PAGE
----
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How to use co-working spaces to expand your professional network

The modern co-working space is tailor-made for expanding professional networks.

Think about it. A shared office space is filled with professionals on a mission; building a business or brand, disrupting an industry or making a name for themselves as a freelancer, meaning co-workers have a ready-made way to expand their network.

Suzi Dafnis, the CEO of HerBusiness, a “membership community that provides training, resources, mentoring and support for women who want to market and grow their business”, says there’s many contacts and alliances to be made in a co-working office space.

Dafnis says when you build relationships with your new network, you’re also tapping into their extended networks; extending your circle of friends, mentors, referrers, suppliers and more.

Building a new network can increase the growth and opportunities for any business, she says. “But beware! Make the wrong moves and you could actually create more isolation than connection.”

Dafnis shares her five tips for getting known, liked and trusted in a co-working space.

Suzi Dafnis

Suzi Dafnis. Picture: Supplied

1. Build real relationships

Actively take the time to get to know other people, and this will help position yourself for building long-term and real relationships.

Co-workers should do their research before diving into conversations. Know enough about the other person and their business to be able to ask questions that show a genuine interest, she advises.

“Avoid big-noting your own success or going in for ‘the pitch’ too soon. First, build rapport.”

2. Show up

Do things to connect with potential collaborators and clients in the co-working space. “Showing up includes finding out all the opportunities that are available to you and seeing which of those you can get involved in,” she says.

Is there a regular meet-up or social event? Step away from the laptop and join in.

3. Nail the elevator pitch

Everyone needs an “elevator pitch” which succinctly explains their business and skills. And if it’s not succinct and memorable, people can quickly glaze over.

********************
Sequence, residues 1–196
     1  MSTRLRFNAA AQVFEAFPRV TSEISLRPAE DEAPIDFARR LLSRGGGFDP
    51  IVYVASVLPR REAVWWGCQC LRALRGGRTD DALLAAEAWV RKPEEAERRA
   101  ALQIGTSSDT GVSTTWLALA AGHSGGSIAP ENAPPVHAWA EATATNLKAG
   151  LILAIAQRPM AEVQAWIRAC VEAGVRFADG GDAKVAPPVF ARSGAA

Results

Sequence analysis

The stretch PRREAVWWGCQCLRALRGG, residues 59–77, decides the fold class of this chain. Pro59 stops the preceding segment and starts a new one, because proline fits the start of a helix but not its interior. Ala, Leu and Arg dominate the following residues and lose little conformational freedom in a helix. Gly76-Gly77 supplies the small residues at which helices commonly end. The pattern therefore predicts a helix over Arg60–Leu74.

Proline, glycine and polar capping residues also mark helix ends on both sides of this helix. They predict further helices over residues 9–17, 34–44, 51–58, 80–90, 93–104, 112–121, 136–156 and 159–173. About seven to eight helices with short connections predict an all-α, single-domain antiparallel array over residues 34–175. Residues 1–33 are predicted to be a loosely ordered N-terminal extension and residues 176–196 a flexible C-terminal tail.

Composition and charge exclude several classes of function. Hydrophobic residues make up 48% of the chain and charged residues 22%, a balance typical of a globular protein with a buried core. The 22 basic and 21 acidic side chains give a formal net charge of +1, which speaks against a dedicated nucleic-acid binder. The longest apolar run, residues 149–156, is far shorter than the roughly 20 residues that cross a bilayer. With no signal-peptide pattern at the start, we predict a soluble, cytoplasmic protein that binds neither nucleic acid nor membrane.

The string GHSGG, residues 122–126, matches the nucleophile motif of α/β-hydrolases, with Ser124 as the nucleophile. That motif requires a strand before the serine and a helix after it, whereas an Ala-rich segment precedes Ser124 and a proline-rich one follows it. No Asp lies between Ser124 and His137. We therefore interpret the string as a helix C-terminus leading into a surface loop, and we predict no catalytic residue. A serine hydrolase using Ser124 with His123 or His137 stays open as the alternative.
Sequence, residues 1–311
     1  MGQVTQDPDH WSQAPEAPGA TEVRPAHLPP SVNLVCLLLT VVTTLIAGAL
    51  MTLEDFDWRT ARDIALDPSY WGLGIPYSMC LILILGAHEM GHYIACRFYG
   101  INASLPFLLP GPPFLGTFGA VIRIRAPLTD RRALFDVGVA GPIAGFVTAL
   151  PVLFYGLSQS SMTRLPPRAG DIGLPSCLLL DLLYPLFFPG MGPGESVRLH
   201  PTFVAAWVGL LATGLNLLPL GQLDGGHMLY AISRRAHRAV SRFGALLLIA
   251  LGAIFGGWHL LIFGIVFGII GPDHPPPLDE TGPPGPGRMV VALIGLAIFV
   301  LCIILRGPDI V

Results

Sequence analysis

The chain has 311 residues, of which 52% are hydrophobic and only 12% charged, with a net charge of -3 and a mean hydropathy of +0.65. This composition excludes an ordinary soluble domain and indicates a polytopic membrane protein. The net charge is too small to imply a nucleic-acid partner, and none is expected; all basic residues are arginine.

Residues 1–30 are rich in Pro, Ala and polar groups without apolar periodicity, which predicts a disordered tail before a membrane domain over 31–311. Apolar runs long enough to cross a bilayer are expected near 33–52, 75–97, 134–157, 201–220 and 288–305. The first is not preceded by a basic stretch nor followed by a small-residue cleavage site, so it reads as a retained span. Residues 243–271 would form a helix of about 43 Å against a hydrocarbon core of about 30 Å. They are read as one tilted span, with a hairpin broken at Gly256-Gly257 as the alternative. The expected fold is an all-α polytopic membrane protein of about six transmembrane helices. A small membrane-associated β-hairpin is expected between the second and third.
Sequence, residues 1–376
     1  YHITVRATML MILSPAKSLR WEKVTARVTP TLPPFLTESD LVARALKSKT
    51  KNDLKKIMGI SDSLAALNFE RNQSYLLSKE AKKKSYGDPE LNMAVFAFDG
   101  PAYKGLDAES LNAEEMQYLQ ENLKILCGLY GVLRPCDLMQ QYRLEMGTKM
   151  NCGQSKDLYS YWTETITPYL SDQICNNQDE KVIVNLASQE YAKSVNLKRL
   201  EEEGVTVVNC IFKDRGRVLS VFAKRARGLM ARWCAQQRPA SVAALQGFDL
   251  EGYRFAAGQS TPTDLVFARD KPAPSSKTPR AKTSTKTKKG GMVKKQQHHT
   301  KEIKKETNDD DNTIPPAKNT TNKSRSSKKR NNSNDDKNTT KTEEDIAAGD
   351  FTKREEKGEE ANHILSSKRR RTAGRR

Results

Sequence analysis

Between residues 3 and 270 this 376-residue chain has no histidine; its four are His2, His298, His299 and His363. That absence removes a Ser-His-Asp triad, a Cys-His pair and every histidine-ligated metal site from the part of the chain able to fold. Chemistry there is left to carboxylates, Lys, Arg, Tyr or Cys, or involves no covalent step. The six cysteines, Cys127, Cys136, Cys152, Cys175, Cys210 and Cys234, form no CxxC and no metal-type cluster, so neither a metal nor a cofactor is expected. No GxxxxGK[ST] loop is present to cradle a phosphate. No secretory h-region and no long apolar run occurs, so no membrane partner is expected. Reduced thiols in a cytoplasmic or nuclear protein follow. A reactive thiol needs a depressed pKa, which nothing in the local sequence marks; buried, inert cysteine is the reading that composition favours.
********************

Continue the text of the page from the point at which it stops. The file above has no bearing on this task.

So, practice and perfect it, Dafnis says, to avoid getting tongue-tied.

“If you want to communicate your value and get past that ‘hit and miss’ scenario, where you lose connection with potential clients because they are left feeling unclear about what your value really is … practice your introduction or elevator pitch.”

It’s important to be able to clearly articulate your business vision. Picture: Getty

4. Be a valuable part of the community

In a co-working space, being a valuable part of the ecosystem is important, Dafnis says. Look at what you can give, rather than what you can get out of your connections.

“Is there a cool tool you’re using for marketing that could help another? Make a suggestion or share your results. Know someone that would be a great client for one of your co-tenants? Make an introduction or a referral. Did someone hit a milestone or have a record month? Cheer them on and offer congratulations.”

5. Be a leader

Taking a leadership position is a great way to build networks.

This role isn’t reserved for the person that earns the most, has the biggest team or the biggest business. This role belongs to anyone who is willing to show up and take the lead.

“A sure-fire way to demonstrate your leadership and also build your network is to volunteer to host a peer mastermind or co-mentoring session where you brainstorm ideas,” Dafnis says.

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